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    Soda Tax to Fund Health Care?

    Supporters of the tax claim it will help obesity epidemic; opponents question its effectiveness in curbing consumption.

    WASHINGTON -- One of the big questions of the health care reform debate is where the approximately $1 trillion needed to overhaul the system will come from. Some people are finding the answer lies in carbonated soft drinks (CSDs) and sugary drinks -- by adding a tax to them.

    Public health advocates argue drinking soda is directly linked to obesity, which is partly responsible for skyrocketing health care costs. Harold Goldstein, a physician and executive director of the California Center for Public Health Advocacy, told NPR soda should be taxed so the beverage industry pays its fair share for the obesity epidemic.

    For example, a 33.8-fluid-ounce bottle of Coke -- which Goldstein called "obese" -- contains 28 teaspoons of sugar, according to the report. A study Goldstein's organization conducted with UCLA surveyed more than 40,000 Californians about their soda-drinking habits, and found "regardless of income or ethnicity, adults who drink one or more soda a day are 27 percent more likely to be overweight or obese," Goldstein said in the NPR report.

    On average, Americans drink 50 gallons of soda a year, he added.

    And the director of Yale's Rudd Center for Food Policy and Obesity, Kelly Brownell, told NPR the tax would have considerable benefits.

    "Using a tax, much as has happened with tobacco, to try to change consumption patterns in a way that would benefit overall public health and provide a very much-needed revenue for programs, seems like a home run," Brownell said in the report. Brownell and several other public health experts argued in a recent New England Journal of Medicine article a soda tax could generate a lot of money, with a penny-an-ounce federal soda tax potentially generating $150 billion in the next 10 years.

    Similarly, a tax of seven cents per can would generate approximately $100 billion over 10 years while modestly reducing soda consumption, wrote Michael F. Jacobson, executive director of the Center for Science in the Public Interest, in a letter to the editor published by The Washington Post. "Indeed, a soda tax is one of the only measures being discussed that would both raise revenue and promote health," he said.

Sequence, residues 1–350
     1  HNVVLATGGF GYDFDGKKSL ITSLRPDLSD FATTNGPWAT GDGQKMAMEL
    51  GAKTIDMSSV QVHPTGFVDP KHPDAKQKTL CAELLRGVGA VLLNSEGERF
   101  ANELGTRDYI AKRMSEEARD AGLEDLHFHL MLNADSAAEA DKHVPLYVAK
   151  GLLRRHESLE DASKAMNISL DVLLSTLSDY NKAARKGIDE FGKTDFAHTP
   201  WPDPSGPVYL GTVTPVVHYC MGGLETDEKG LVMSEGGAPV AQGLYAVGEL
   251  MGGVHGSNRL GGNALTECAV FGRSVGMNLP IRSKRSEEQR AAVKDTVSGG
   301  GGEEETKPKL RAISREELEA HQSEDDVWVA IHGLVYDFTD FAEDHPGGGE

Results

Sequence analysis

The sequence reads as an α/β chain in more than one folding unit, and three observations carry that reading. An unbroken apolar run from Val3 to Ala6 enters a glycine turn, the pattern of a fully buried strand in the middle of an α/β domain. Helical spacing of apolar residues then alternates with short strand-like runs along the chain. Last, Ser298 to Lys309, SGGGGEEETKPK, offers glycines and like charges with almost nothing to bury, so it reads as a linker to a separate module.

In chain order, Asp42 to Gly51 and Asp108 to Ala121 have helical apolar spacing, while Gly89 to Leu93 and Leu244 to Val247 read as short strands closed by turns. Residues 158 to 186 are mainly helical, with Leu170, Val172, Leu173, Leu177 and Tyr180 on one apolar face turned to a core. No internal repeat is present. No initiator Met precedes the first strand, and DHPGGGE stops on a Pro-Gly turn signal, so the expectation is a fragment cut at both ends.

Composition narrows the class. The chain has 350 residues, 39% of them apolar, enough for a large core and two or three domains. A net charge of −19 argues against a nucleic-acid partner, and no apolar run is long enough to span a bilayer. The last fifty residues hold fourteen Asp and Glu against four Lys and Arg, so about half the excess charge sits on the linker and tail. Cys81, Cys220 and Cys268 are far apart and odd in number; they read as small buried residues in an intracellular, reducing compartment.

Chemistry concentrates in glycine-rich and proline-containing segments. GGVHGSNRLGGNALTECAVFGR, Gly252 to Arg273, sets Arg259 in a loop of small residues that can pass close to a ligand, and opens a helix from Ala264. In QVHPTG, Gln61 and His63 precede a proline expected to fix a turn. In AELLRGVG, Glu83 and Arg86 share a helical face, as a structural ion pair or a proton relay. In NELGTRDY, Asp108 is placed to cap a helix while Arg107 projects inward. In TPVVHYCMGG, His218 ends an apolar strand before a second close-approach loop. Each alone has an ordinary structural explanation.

Other uses for a soda tax include making healthier options more affordable, Brownell said in the NPR report.

    "The list of ways you could use revenue from a soda tax is a mile long, but the best use of it would be to make healthy foods more available," Brownell told NPR. "There could be price supports for fruits and vegetables at supermarkets. You could use the money to support farmers markets for inner-city neighborhoods."
    But American Beverage Association spokesman Kevin Keane claims tobacco taxes and soda taxes cannot be compared.

    "You can have a soft drink and be a healthy person," Keane said in the report. "You can't say the same about smoking."

    Keane doesn't believe taxing soda and other sugar-sweetened beverages such as sports drinks, energy drinks and juices will eliminate obesity. Instead, he argued, people should take more responsibility for their health. In addition, the tax could hurt a lot of people.

    "We have some economic data that shows there'd be $22 billion lost in economic output," Keane said in the report, "whether it's jobs, whether it's people buying less product, etc. But there's no doubt, and we concede that it would affect sales."

    For instance, there's Satnam Cheema, a clerk at Mace Market grocery store in a suburb of Davis, Calif., who opposes a soda tax. "The more the tax ... then everyone [goes] out of business," he said in the report.

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